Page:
A Common Type of Seizure in Kids That Usually Is Harmless
July 06, 2021
A young child having a seizure is enough to panic any parent. There are many types of seizures, with varying causes and symptoms. However, one common type of seizure seen in young children is usually harmless.
It’s called febrile seizure, and it typically occurs when a child is sick with a fever above 101 degrees. Febrile seizures tend to affect children between 6 months and 5 years old. The seizures usually last a few minutes, though some last longer.
Two Types of Febrile Seizures
“Simple” febrile seizures last less than 15 minutes and occur once in a 24-hour period. “Complex” febrile seizures last longer and happen more frequently and may involve only one side of the body.
The seizures cause a child to shake uncontrollably. Some children lose consciousness. As many as one in 20 children have febrile seizures before age 5, and experience no lasting health effects or learning problems.
A child having a seizure should be placed on the floor to prevent injury, on his or her side to prevent choking. Don’t restrain the child. Do not put anything in the child’s mouth. Keep track of how long the seizure lasts and watch for signs of breathing problems.
Febrile Seizures and Treatment
Jun Park, MD, Clinical Director of Pediatric Epilepsy and Epilepsy Monitoring Unit at University Hospitals Rainbow Babies & Children's, says febrile seizures generally don’t require treatment.
“By the time they come to the ER, they are fine. Their brain waves are normal,” Dr. Park says.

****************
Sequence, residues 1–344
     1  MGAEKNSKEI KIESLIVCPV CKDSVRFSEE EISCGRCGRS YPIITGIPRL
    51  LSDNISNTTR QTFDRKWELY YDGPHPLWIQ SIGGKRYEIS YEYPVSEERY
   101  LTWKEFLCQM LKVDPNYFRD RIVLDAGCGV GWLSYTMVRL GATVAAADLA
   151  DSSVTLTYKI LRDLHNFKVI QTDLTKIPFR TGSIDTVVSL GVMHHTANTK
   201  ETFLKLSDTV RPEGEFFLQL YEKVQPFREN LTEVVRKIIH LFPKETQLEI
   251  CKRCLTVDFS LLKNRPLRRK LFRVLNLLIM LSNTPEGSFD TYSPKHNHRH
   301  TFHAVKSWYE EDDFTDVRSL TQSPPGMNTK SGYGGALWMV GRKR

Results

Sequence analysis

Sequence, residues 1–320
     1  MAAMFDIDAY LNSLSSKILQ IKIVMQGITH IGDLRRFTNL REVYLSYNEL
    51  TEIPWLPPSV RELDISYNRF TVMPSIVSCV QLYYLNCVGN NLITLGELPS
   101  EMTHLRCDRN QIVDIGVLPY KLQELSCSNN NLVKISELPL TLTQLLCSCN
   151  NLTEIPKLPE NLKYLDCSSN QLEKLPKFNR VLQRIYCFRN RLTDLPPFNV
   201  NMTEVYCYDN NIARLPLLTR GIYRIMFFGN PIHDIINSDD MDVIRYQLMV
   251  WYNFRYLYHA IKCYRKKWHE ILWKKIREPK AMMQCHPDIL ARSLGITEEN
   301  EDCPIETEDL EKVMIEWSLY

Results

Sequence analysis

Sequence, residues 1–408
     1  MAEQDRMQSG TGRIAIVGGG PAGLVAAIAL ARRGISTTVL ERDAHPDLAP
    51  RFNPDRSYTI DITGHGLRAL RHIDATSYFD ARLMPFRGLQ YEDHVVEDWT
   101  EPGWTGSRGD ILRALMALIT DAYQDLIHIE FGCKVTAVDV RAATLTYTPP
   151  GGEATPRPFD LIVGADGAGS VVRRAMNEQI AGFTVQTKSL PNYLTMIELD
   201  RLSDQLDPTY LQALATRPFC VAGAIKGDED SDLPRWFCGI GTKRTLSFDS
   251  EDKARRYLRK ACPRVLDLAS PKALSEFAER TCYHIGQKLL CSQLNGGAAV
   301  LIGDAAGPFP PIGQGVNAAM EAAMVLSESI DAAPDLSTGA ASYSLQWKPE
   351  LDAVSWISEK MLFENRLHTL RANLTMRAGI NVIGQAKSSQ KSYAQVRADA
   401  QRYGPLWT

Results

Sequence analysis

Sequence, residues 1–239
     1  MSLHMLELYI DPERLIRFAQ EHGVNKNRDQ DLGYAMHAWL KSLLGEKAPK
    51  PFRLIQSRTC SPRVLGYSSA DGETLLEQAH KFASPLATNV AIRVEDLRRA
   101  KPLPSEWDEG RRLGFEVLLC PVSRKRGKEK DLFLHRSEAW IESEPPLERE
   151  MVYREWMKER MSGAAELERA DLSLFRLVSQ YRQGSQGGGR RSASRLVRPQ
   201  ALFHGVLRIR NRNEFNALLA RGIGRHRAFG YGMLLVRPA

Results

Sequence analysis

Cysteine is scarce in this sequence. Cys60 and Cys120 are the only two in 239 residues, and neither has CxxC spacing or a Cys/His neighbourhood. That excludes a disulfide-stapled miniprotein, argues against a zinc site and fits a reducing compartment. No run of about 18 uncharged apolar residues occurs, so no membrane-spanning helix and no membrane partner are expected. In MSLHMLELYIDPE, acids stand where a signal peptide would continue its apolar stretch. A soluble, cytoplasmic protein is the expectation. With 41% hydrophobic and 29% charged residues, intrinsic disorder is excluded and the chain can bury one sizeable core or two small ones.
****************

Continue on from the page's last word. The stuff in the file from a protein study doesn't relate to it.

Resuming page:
“We don’t want to put them on anti-epileptic medication two times a day for seizures that may occur once or twice a year, triggered by a fever from a cold or flu. By the time the child is 4 or 5, the seizures usually go away.”
Seizures Always Need Medical Attention
But children experiencing any type of seizure should get immediate medical attention, Dr. Park says. If it is a suspected febrile seizure, doctors will want to rule out other possibilities or underlying health conditions.
A seizure that happens without fever is reason to see a neurologist, he says. “In that case, we may be dealing with something more than a febrile seizure.”
For instance, seizures could be a sign of meningitis, brain damage, stroke, brain tumor or a nervous system disorder. Some prolonged seizures develop into epilepsy.
The cause of febrile seizures isn’t known, Dr. Park says. Researchers are looking at possible genetic, biological and environmental factors, according to the National Institute of Neurological Disorders and Stroke (NINDS). About 40 percent of children who have a febrile seizure will have a recurrence.
The pediatric neurology and epilepsy team at UH Rainbow Babies & Children’s is recognized as a center of excellence. Among the best programs in the nation, we have the expertise to accurately evaluate, diagnose and treat the full range of neurological disorders children – using the latest, most scientifically advanced diagnostic equipment, therapies, techniques and medications available.